Blog |Everyone's A Winner

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Scout's award season is on it's way and it's time to nominate. In anticipation, we met a few of out most recent, inspiring winners. 

Audrey Pearce, 66, Group Scout Leader, 43rd (Northampton) Lumbertubs

Audrey was awarded the Bar To Silver Acorn for her service to Scouting and having a positive impact on the lives of young people and adult volunteers for over 40 years.

‘When I received the award I thought, “why me?” I volunteer because I enjoy it; Scouting has had a great impact on my life. We are a Scouting family through and through – my son is a Scout leader, my middle daughter is a Cub leader, my eldest daughter is a Beaver leader. My two grandsons are Scouts, one is a Cub and one is a Scout.

‘I retired four years ago and thought I was going to be bored but I took on more Scouting in that time and it keeps me going! I can never find the time to be bored. I thoroughly enjoy what I do and what I get out of it is to see the young people change. One thing that is really nice is when they bring their children back into the Group – I’ve been there long enough to have seen that!

‘When my husband passed away, the people I know through Scouting were so great; they really helped my family and I during a tough time. We raised £15,000 to build an activity centre in my husband’s memory. That’s what my husband would have liked because he loved working with children.

‘We’re very lucky that when our Scouts are ready to leave none of them really wants to leave the Group; they want to stay on to be young leaders and some of them go on to be young leaders in another Group. I nominated some of our leaders for awards last year for their amazing work.

‘Nominating someone really shows an appreciation of what they do; volunteers give up their time to help others and it’s really inspiring.’

 

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Lizzie Davidson,19, Cub Leader, Enfield District

While balancing school and Scouting, Lizzie was the first Explorer Scout in her District to be awarded a Queen Scout Award in 30 years and the first female Explorer to do so.

‘I’ve been in Scouting since I was 11. As soon as I found out about the Queen’s Scout Award (QSA) I always wanted to do it.

 ‘For the skills section I learnt how to play the bugle and was a part of the Scout band. The pressure of going out to perform was scary at first but you get used to it.

‘By the time I learnt how to play the bugle, I was also an instructor helping to teach young people to get them ready to do their QSA or Duke of Edinburgh award.

‘One of the highlights while doing my QSA was finishing the expedition in the Brecon Beacons; some of the hills were like cliff faces but when I got to the top the view was amazing. Finally reaching the reservoir and knowing that was the finish line and that I had done was a fantastic feeling.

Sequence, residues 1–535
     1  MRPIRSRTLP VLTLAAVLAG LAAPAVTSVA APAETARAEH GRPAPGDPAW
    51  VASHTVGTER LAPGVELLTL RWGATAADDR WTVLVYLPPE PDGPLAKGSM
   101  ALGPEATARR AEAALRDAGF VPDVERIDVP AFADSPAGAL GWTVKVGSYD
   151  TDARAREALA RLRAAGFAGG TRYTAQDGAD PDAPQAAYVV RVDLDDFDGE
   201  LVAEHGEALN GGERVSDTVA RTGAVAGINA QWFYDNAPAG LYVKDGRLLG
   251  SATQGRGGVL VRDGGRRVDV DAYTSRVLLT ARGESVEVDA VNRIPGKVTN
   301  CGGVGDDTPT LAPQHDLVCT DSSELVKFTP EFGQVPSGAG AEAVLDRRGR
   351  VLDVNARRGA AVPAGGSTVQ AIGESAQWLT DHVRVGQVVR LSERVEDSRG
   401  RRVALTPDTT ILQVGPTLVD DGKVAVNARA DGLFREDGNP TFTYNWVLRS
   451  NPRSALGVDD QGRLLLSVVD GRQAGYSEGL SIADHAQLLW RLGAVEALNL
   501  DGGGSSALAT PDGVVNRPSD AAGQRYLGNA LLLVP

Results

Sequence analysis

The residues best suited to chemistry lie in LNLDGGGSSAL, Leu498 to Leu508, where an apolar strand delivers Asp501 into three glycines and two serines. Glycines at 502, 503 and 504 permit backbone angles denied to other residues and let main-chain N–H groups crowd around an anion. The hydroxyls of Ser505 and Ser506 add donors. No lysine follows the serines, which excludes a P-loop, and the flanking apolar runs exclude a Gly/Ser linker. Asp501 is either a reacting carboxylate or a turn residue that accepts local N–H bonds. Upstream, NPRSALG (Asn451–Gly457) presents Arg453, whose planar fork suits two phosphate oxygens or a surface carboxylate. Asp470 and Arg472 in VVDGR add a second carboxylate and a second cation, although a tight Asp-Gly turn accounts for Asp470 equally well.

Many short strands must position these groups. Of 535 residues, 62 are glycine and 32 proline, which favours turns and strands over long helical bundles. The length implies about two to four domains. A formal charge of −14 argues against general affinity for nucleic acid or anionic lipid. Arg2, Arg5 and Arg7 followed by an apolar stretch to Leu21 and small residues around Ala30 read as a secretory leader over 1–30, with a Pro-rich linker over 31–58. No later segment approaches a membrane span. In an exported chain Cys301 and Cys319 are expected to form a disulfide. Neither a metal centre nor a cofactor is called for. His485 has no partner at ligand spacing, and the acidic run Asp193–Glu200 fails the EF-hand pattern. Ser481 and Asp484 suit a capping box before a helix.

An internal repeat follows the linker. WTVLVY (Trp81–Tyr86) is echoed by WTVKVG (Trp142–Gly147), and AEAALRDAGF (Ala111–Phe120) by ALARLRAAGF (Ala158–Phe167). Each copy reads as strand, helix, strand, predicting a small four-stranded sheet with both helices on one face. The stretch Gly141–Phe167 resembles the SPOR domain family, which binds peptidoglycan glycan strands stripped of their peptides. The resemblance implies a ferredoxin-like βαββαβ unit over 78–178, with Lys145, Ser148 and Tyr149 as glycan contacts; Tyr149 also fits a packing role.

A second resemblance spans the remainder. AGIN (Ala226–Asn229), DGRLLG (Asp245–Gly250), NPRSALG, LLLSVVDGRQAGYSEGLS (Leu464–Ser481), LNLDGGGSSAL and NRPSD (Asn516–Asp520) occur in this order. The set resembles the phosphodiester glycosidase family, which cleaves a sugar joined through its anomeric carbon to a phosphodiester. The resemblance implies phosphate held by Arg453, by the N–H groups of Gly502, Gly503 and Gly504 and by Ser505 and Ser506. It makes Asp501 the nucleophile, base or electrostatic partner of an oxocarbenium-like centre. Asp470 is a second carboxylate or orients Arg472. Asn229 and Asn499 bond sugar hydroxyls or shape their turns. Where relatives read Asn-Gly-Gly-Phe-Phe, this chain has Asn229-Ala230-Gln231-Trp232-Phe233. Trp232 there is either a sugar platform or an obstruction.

‘I also worked on a project with the National Citizen Service (NCS) called the Local Heroes Campaign. The aim was to help the community I live in; it was the year after the London riots and young people were still getting a lot of bad press. The NCS team I was in realised that it was actually damaging morale in our local area, which was quite a sad thing to witness.

‘We pitched the Local Heroes Campaign idea to the local council for a day in the town of Enfield to promote the campaign. We made gift bags filled with t-shirts and wrist-bands and chocolate, and set up a table to display them. People would come over and nominate their local hero and we would go out, find these heroes and present them with the gift bags and certificates to thank them.

‘We went to Scout huts, fire stations and police stations; across Enfield we met people running anti-bullying campaigns and working for charity. We did this to raise awareness of the amazing people in the area.’

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Glen Roberts, 26, Scout Activity Centre Instructor 

Glen was awarded the Gilt Cross – the highest Gallantry award in Scouting – after helping to orchestrate a search for a fisherman who had fallen overboard while Glen was running a safety course on the Isle of Coll.

Alongside other search and rescue boats, Glen helped to locate the body and complete a boat to air transfer. The following day he continued to run the safety course at the request of the participants who knew the fisherman.

‘I was awarded the Gilt Cross, which was a bit of a shock – I never went out of my way to meet the criteria; I was just going through my daily routines just like the other guys I met at the awards presentation in Windsor. They were just dealing with the hurdles in their lives and somebody put the time into nominating them.

‘I was never academic at school but I got into outdoor activities and it gave me something to focus on – it inspired me to go to university and get degrees in outdoor education and sport performance. I think if you can inspire young people to take on a new sport and look at something differently you’re having an impact.

‘I’ve been at the centre now for nearly four years; we get a lot of inner-city Glasgow youth who come to us. It’s important we offer these experiences to get the young people into the hills or out onto the water. In the time I’ve been here I’ve seen familiar faces come back time and time again and I can see it is having a positive impact.

‘Being nominated and receiving an award led to an amazing experience at the award ceremony in Windsor.

I wouldn’t have had this amazing experience if someone had not nominated me.’

Visit members.scouts.org.uk/windsor to find out what awards you can nominate young people and adult volunteers for. For further advice, please email awards@scouts.org.uk or call 020 8433 7193/7192 

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